We have observed a peculiar trend among girls who are studying engineering in Kerala
- They don’t seem interested in travelling abroad
- They are not eager to learn from some of the best technology innovators and scientist in the world.
-They seem indifferent to the concept of scholarships and research grants.
Since last year, we have reached out to girls in many colleges through newsletters, seminars or workshops and encouraged them to participate in some of the most prestigious scholarship programs in the world. We offered help, free of cost, to any girl in India who wished to apply for The Google Anita Borg Memorial Scholarship or the BlackBerry Scholars Program. Both are designed to encourage participation of women in technology by giving them research grants, foreign exposure and mentorship. Despite our offer to literally handhold the applicants through the entire process, nobody reached out to us.
None. Zero. Zilch. Not a soul.
This is 2013 and we are living in Asia’s third largest economy, but even now we do not see much spark or ambition in most of our women engineers. There is no desire to create path-breaking technology, to question stereotypes or the courage to say no to a mundane job.
Technology is a male-dominated field all over the world, but in India even if the girl is interested she does not find the courage or support to follow her dreams.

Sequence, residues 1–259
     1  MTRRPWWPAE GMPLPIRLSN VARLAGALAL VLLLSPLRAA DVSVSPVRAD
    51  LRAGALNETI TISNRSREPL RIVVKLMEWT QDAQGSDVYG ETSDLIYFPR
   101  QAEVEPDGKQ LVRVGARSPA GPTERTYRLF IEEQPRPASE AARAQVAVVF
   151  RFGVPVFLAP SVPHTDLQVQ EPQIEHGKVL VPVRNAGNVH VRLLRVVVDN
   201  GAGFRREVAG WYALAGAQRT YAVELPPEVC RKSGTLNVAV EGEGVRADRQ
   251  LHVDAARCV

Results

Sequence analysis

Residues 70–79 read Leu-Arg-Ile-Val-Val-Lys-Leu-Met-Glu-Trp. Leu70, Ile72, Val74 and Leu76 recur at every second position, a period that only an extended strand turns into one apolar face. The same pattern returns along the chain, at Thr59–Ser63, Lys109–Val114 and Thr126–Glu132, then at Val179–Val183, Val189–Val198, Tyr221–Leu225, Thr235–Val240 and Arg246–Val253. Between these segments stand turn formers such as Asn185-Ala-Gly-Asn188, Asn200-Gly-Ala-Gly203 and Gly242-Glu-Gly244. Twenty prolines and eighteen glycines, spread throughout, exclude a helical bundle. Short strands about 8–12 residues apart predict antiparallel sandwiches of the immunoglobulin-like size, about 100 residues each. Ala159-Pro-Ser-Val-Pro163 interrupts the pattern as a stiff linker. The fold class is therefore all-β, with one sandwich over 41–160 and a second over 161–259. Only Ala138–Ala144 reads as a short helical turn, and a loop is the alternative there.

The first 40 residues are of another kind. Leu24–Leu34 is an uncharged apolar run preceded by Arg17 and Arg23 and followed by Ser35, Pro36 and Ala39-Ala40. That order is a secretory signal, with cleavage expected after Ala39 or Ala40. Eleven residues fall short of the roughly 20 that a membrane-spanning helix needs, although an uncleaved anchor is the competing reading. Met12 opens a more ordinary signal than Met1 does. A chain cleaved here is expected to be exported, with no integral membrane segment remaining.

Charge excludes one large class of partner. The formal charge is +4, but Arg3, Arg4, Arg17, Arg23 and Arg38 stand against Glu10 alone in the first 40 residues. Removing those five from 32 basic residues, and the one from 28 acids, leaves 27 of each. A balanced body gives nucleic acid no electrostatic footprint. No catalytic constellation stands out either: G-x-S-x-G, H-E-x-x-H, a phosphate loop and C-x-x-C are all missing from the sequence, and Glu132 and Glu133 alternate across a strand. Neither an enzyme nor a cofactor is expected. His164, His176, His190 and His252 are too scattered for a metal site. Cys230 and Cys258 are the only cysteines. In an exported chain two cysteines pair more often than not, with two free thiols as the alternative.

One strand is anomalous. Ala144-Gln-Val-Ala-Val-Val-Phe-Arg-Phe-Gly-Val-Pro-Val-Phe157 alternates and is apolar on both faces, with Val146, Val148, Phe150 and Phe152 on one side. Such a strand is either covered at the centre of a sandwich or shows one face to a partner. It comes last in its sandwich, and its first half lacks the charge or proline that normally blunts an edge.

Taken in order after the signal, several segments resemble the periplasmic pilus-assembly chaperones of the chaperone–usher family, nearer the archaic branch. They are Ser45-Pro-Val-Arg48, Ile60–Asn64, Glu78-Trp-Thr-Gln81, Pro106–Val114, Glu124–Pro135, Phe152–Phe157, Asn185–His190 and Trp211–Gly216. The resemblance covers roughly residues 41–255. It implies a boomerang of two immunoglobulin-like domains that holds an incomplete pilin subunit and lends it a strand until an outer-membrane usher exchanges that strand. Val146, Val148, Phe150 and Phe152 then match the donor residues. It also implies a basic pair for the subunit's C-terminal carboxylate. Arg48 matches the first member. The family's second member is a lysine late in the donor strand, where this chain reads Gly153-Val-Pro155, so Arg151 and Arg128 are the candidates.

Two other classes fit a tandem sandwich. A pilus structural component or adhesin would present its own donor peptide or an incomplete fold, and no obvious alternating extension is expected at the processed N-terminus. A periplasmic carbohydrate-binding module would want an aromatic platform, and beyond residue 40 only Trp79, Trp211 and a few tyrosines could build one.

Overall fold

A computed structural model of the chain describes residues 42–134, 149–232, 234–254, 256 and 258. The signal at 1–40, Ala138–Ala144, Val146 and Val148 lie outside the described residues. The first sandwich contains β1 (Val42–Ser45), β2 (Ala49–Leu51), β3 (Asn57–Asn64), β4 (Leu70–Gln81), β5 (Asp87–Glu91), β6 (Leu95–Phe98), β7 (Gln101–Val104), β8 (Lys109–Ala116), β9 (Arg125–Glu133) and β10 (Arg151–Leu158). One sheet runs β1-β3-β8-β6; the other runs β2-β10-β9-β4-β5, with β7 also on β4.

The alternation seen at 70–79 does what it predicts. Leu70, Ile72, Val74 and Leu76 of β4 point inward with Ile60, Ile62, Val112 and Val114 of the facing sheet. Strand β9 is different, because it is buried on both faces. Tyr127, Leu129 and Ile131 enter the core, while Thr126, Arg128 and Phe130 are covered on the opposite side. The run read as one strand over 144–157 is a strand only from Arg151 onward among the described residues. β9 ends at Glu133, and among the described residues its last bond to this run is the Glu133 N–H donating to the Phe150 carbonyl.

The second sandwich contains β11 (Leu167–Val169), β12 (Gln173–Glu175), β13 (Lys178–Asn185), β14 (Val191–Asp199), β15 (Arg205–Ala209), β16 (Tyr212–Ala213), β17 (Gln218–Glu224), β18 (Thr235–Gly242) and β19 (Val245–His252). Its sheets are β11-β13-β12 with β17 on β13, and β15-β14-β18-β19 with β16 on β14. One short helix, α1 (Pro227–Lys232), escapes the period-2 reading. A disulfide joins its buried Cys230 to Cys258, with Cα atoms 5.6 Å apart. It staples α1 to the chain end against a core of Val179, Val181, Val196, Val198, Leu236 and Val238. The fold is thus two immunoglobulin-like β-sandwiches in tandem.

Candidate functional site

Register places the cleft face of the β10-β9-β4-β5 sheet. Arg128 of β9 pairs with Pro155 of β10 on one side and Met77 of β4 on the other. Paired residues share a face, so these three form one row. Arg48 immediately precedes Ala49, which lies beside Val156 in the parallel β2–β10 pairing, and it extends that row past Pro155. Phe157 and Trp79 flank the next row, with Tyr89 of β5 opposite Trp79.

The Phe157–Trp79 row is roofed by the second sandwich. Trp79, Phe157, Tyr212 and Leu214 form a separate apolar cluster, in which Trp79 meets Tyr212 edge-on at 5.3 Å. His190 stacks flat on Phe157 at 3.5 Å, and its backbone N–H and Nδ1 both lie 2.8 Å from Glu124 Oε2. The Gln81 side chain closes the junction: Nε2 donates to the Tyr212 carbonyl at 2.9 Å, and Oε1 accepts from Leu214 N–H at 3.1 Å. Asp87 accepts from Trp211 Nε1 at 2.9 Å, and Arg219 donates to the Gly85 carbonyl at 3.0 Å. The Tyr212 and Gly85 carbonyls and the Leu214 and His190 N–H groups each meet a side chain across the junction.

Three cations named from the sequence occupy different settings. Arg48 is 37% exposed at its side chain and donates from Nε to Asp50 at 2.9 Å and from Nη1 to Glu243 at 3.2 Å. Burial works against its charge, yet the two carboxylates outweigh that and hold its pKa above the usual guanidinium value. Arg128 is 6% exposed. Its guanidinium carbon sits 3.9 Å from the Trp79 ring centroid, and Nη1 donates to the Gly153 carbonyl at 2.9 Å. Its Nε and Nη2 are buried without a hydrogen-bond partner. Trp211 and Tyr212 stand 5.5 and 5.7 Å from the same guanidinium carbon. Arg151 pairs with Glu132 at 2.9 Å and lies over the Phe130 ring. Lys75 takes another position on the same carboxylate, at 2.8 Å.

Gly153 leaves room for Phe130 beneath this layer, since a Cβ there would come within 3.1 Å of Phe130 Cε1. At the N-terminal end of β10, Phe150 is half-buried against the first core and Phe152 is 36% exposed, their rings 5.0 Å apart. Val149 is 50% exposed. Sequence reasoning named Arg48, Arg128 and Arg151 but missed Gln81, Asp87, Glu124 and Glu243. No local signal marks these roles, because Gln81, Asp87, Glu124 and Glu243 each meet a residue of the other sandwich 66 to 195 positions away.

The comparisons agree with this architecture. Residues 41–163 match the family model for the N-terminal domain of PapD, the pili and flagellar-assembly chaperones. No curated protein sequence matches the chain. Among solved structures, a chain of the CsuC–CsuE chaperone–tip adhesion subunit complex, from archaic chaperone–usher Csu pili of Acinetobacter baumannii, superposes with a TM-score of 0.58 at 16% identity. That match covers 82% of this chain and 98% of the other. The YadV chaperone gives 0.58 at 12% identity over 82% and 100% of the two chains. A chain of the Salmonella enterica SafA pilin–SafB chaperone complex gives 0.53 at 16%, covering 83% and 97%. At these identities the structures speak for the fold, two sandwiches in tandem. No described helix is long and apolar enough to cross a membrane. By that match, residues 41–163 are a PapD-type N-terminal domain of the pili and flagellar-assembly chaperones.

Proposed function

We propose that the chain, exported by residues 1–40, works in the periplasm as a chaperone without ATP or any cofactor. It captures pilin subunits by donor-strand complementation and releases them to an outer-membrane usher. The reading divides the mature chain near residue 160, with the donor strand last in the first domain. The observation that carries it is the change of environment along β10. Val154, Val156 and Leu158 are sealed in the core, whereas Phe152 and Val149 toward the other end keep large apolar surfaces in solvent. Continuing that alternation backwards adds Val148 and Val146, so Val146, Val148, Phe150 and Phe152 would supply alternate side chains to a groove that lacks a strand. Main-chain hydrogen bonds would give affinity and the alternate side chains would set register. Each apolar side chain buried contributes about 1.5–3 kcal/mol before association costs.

Android workshop for girls at Startup Village
Recently, we invited some students from a college in Wayanad to visit the Startup village campus in Kochi. We specifically asked the college to send as many girls as possible. We noticed that during our workshop, the boys were enthusiastic and sat in the front. The girls, while attentive, remained quiet.
During my interaction with the girls (which required a lot of coaxing and patience because the girls took shyness to a new level), we realised that they don’t have any support from the society or the university to pursue innovation and entrepreneurship. Many of them live with parents who forbid them from travelling to even nearby cities such as Bangalore or Chennai for competitions or workshops. They have been instructed by families to head home before dusk, which means most Hackathons are out of bounds. Many were not even allowed to use the Internet for a long time because that would create an impression that they are chatting with a boy and dating is still frowned upon in Kerala’s conservative society.
Their primary aim in college is to get a job nearby and marry by the time they are 22 or 23. They have been trained to not even consider discovering or following their passion.
At Startup Village, we don’t want them to stifle their creativity anymore. We want to see more women start their own companies. The world needs more girls who can create and market fantastic technology products, simply because it is one of the best ways to cater to the growing number of women consumers.
To build this community, we need YOUR help. To begin with, you can help us by just reaching out to us.
1) If you are student or a teacher, help us understand why girls are not keen on innovating.
2) What are some of the steps we can take at Startup Village to nurture women entrepreneurs. We already host many free workshops exclusively for girl students. What else should we do in the next few months?
3) We invite many famous businesswomen to our campus. Is there someone you would like to meet?
You can either leave your tips in the comments section below or you can email me at email@example.com.